Barrie Parkes (full name Barrie Northend Parkes BEM) served in the Royal Air Force (RAF) from 1954 until 1977 in various locations in the United Kingdom, including a three-year voluntary tour of duty in Northern Ireland, RAF Gan (Maldives), RAF Akrotiri (Cyprus) and RAF Gütersloh (Germany). Parkes was a senior non-commissioned officer in the Royal Air Force Police and worked in counter intelligence, counter terrorism, security and investigatory roles throughout his military career.
In the late sixties Parkes was part of the Royal Air Force counter intelligence team working under the command of Air Commodore George Innes CBE (at that time a Squadron leader and later Provost Marshal of the Royal Air Force) that hunted down and arrested a Royal Air Force serviceman whom, courtesy of a tip off in February 1968, MI5 had discovered was offering information to the Soviet Intelligence Directorate.
The Royal Air Force serviceman was identified as Chief Technician Douglas Ronald Britten (born 31 October 1931, died February 1990), a Royal Air Force signals intelligence specialist serving at No. 399 Signals Unit at RAF Digby and also at a listening station in Cyprus (part of GCHQ). Britten was arrested on 13 September 1968 and later confessed to breaches of The Official Secrets Act and having worked with the Soviet Intelligence Directorate. He was tried and convicted of espionage at the Old Bailey and was sentenced to 21 years’ imprisonment.
In 1975 Parkes was awarded the British Empire Medal (BEM, see letter below) in recognition of his work in Northern Ireland; during and after his military service he was awarded several other commendations and medals.
In 1977 Parkes established his own aviation security and investigatory business. The business was a success and Parkes controlled it until just before his death in 2001. Over the years the business secured several global conglomerates as clients including Boeing, General Electric, McDonnell Douglas, United Technologies, Litton Industries and Bell Helicopter Textron.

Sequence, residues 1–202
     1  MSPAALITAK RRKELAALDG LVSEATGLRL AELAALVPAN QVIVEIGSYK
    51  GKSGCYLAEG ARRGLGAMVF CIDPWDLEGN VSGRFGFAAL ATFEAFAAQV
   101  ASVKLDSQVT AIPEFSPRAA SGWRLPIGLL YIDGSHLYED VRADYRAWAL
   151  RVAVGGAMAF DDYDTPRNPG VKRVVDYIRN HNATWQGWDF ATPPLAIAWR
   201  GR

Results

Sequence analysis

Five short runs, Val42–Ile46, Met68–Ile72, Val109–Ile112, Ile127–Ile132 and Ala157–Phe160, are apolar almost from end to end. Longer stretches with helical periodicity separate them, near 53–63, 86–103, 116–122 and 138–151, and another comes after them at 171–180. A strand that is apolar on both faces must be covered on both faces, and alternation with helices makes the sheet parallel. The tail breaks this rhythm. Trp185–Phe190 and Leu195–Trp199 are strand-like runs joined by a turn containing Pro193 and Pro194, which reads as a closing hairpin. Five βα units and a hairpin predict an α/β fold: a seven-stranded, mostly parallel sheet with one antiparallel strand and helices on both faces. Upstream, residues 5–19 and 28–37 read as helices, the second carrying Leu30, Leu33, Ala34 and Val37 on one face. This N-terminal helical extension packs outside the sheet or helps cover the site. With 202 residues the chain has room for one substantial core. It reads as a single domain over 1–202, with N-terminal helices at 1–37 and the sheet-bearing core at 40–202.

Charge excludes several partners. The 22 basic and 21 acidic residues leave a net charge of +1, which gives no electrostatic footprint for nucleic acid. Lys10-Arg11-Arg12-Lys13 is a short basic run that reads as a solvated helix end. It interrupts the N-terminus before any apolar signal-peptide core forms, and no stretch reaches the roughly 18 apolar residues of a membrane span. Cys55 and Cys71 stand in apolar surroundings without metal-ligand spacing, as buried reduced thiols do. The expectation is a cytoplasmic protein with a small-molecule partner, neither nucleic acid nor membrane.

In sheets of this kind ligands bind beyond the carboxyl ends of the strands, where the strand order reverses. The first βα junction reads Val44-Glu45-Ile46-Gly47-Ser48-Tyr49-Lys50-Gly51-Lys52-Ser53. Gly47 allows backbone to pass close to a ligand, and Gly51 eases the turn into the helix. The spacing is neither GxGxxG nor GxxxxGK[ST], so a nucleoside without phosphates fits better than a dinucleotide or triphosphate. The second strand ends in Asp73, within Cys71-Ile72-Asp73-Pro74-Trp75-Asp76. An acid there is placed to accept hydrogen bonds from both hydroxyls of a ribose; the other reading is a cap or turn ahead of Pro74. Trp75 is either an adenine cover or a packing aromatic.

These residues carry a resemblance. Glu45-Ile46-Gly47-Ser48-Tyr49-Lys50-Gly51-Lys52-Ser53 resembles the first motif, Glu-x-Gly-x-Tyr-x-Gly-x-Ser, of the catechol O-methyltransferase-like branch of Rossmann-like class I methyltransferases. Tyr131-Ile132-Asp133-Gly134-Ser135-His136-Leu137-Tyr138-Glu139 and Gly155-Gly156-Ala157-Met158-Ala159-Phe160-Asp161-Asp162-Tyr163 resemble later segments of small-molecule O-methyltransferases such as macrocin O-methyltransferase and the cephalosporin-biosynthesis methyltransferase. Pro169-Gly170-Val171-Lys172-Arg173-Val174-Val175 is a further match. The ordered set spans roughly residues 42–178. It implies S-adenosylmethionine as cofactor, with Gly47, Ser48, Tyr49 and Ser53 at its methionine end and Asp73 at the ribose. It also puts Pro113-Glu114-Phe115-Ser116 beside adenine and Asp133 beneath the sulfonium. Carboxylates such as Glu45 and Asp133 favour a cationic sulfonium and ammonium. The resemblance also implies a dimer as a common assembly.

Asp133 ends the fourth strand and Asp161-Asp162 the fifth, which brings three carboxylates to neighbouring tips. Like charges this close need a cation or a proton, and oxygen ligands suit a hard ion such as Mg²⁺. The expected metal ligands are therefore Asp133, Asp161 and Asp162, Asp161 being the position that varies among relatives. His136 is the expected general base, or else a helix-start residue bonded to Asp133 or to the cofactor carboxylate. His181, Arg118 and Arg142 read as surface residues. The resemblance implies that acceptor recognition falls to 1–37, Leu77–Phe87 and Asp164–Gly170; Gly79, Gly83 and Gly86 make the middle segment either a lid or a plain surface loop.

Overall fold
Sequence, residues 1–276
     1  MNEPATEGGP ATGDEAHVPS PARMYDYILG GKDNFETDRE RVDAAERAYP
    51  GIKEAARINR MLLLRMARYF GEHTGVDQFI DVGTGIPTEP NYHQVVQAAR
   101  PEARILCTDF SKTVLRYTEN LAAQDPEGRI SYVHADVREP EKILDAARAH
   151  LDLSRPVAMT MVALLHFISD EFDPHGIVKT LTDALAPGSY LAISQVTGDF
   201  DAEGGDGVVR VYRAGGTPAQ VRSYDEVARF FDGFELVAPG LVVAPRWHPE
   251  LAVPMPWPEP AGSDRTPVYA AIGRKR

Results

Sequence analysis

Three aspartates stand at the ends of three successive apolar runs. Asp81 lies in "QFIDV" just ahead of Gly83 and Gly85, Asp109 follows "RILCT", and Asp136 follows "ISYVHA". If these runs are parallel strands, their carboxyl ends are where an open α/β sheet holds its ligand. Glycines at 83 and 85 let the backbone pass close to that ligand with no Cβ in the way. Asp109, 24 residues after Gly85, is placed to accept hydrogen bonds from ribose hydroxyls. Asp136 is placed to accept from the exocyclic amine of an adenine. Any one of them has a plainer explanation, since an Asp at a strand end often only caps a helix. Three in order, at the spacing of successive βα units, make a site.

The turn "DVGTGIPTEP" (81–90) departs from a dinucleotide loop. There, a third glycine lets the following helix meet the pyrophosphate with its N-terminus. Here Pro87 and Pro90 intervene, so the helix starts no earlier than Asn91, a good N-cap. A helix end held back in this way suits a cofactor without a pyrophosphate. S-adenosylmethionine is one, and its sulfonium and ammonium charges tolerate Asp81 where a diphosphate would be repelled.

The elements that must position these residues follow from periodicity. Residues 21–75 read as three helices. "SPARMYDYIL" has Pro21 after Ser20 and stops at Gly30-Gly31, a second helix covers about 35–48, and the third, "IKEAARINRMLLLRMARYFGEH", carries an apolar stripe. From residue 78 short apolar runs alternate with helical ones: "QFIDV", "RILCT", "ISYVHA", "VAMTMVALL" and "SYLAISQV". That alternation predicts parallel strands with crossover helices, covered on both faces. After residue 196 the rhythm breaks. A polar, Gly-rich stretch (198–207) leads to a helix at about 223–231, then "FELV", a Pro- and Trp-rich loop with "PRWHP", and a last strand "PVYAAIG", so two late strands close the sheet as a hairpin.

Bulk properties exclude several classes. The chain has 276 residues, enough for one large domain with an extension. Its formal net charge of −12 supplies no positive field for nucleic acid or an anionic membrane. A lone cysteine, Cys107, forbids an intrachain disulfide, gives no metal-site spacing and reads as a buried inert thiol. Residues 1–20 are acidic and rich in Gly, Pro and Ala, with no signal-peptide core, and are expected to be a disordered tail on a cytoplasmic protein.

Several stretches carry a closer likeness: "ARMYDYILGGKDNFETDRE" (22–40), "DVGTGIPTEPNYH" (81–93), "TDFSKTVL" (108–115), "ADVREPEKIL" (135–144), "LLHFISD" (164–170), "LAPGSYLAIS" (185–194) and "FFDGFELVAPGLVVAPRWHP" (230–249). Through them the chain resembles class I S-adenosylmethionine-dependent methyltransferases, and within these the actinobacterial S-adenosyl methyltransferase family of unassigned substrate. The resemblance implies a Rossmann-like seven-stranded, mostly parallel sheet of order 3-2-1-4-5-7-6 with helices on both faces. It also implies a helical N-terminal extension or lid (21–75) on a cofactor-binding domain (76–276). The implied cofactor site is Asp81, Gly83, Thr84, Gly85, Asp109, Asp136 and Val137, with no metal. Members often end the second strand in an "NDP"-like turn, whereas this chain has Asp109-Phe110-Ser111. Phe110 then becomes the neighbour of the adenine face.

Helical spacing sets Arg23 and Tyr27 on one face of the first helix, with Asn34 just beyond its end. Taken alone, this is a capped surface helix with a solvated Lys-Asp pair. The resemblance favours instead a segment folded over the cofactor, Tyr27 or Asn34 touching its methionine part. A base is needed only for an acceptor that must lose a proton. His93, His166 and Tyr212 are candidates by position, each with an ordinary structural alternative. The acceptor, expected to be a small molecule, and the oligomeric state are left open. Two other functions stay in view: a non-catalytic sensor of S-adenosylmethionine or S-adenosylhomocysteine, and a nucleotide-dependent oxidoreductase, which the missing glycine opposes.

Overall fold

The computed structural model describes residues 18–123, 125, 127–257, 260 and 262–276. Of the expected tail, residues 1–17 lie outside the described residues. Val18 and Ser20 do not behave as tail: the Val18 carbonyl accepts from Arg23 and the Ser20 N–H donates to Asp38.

Prior to leaving the Royal Air Force Police, Barrie Parkes was already well known to Alan Brooke Pemberton CVO MBE who worked in British Intelligence. In 1978 Alan Pemberton introduced Barrie Parkes to Bill Fairclough, who worked with Pemberton, to help manage Fairclough's security. That year, the three of them formed Faire Sans Dire, which was later to become a niche global intelligence agency. Parkes performed a pivotal role in Faire Sans Dire's activities for some 20 years until the late nineties.
On 11 September 2001 Barrie Parkes died of cancer in Hillingdon Middlesex England. His funeral service was conducted by Padre Colin Hewitt, at that time the station Padre from RAF Uxbridge. The funeral service was interrupted from the outset by some loud electronic feedback from the microphone being used by the RAF Padre. The Padre commented that if anyone needed proof of life after death, the funeral service was being bugged by none other than Barrie Parkes.